Top of the World

I have always had a weird attraction to Mt. Everest. Or, rather, people with the stones (and the cash) to climb to the top of the world.

I’ve often commented to friends and family that I am absolutely sure that I was a mountaineer in a previous life.

Perhaps it’s the danger. Or, maybe the idea that on the top of a mountain (whether it be Mt. Hood or Mt. Everest) there is a solitude, sort of a disconnectedness to the world yet seeing the world as it really is.. or was…. raw nature.

I can’t even say that I am an outdoorsy person. Camping? not really my style. I don’t thing my prada shoes would fit in.

Once, hubby and I did some really beginner rock climbing down in Shenandoah. We were hiking to see waterfalls, but instead we ended up on the “rock scramble” trail. It was so much fun. I think I remember standing at the top of a very precarious rock formation and looking down into the valley, doing my “Rocky” impression…. fists in the air. Yeah!!!

In 1997 the software company I worked for launched an expedition to Everest. The “Colliers Lotus Everest Expedition”. Some of the people I worked with had the opportunity to go to Everest Base Camp to set up technology to chronicle some of the climbs. One of my coworkers actually made it to the top. We had this video stream from base camp that we could access daily for pictures, video, and journals. I spent hours on that site, imagining it could have been me. That picture up at the top is from the peak. The group photo is from base camp.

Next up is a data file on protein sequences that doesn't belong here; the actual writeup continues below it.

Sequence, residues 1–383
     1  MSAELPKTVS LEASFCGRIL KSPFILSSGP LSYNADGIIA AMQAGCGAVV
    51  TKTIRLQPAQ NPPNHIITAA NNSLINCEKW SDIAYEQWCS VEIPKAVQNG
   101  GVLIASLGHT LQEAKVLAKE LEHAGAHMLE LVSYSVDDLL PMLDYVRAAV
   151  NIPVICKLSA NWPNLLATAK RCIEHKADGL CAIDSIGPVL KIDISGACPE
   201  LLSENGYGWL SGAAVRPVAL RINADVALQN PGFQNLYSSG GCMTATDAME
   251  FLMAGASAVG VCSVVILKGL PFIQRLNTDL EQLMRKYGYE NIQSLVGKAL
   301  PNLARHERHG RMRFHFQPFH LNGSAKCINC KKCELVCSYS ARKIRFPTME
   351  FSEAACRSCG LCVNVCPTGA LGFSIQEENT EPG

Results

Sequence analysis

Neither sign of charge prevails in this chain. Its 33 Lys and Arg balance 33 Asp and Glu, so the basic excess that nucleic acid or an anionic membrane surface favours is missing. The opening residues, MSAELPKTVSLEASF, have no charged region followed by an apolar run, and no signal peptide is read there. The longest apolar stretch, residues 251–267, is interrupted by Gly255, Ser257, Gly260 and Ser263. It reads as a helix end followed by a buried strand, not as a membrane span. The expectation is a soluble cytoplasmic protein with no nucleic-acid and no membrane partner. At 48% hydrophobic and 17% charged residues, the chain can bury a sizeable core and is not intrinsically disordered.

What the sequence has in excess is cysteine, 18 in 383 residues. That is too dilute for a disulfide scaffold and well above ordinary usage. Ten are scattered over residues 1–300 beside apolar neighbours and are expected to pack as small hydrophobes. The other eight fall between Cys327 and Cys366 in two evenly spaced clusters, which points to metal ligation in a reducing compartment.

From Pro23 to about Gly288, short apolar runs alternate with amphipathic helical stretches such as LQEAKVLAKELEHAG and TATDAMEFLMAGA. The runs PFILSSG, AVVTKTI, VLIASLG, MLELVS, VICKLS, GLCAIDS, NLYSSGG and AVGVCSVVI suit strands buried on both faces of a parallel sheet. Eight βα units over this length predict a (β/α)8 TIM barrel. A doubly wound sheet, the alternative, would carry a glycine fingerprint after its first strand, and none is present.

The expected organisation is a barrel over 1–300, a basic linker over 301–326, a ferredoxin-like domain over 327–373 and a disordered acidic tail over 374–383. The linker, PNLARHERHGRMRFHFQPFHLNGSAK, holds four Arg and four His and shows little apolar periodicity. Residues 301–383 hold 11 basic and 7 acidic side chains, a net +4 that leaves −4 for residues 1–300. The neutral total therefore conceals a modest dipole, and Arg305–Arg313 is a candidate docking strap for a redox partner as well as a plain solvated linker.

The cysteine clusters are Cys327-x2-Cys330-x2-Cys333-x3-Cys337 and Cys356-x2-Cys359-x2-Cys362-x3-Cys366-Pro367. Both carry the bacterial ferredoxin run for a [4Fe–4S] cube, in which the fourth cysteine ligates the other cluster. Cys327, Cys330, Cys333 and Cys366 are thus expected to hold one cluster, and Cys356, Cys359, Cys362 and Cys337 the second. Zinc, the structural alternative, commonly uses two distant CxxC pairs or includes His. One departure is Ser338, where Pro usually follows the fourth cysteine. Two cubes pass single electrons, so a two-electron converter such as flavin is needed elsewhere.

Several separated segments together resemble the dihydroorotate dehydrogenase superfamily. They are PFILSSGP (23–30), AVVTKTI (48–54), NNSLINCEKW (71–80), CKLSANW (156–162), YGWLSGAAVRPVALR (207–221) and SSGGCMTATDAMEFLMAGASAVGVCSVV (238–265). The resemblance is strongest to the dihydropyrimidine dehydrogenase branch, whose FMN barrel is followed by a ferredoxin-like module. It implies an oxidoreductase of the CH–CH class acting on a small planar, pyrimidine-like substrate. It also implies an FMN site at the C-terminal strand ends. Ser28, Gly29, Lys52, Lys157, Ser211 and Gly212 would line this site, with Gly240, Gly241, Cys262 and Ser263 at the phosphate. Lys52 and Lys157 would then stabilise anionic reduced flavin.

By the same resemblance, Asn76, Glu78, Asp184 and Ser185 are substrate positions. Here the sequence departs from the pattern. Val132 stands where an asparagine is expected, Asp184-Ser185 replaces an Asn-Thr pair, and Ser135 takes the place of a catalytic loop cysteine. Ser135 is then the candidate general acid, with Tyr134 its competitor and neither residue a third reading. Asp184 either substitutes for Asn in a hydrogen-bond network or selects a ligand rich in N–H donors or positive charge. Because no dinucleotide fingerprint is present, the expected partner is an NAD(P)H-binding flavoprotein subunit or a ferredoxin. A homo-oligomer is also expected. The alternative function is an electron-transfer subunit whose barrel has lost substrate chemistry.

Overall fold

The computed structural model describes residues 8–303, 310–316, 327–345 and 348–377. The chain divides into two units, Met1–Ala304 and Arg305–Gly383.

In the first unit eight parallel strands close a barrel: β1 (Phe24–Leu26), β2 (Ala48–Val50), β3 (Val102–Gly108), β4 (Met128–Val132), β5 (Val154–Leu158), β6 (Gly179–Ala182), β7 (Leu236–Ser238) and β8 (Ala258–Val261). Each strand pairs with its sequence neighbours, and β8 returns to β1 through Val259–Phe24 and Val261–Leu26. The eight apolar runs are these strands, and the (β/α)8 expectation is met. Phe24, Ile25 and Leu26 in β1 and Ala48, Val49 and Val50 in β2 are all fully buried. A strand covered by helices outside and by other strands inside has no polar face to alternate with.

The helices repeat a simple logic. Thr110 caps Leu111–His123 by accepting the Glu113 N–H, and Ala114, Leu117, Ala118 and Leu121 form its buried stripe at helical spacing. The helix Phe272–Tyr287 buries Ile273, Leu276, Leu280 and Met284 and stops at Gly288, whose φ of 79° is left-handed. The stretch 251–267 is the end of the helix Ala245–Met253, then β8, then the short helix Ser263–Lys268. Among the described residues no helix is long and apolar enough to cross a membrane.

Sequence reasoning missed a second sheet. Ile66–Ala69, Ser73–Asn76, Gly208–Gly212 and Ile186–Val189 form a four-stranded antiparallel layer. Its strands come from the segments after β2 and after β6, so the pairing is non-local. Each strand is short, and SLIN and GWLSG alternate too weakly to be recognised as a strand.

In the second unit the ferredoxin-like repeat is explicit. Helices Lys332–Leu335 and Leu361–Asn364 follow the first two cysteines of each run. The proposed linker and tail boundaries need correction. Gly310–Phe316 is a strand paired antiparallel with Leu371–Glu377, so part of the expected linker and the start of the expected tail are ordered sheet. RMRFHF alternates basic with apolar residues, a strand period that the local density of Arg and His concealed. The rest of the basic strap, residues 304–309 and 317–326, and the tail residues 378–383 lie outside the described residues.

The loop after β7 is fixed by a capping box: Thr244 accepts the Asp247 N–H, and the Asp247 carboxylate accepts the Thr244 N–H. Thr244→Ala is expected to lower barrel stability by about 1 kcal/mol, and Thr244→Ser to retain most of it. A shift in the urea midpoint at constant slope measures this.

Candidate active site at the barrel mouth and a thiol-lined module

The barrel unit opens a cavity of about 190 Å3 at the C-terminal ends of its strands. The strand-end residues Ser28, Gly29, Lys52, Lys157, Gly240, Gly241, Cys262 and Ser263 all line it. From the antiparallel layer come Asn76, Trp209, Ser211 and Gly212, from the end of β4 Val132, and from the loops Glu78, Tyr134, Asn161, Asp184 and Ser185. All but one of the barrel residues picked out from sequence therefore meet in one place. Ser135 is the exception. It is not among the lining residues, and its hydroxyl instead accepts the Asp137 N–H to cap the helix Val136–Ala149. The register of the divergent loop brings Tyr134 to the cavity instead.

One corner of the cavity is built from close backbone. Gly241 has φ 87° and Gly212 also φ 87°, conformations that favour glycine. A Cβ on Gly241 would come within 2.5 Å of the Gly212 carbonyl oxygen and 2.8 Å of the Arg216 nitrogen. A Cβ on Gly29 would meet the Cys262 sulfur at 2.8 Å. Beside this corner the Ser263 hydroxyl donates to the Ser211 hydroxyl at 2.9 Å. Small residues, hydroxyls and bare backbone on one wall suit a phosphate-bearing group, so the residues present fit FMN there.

Three years ago, I went to a convention with my Dad’s business, and met an inspirational speaker, Beck Weathers, from the Everest Expedition in the Spring of 1996 when all those people died up on Mt. Everest. This guy was an adventure seeker, and ended up on the adventure of his life (FOR his life). He was left for dead on that mountain. And somehow made it back. Many of his extremities where later amputated from frostbite, most notably, his nose. I was mesmerized by his speech and further mesmerized meeting him in person.

I have books on the subject which I collect, and if a documentary is on the Discovery channel, or National Geographic, I do not miss it.

The draw is so strong, but the reality is that for me, this simply remains a dream. I live that life vicariously through others.

You know that “get-to-know-you” game where you’re supposed to divulge the one thing you’d want to do or be, if you could do anything in the world and be good at it?

Imagine the look people give me when I say I want to climb Mt. Everest.

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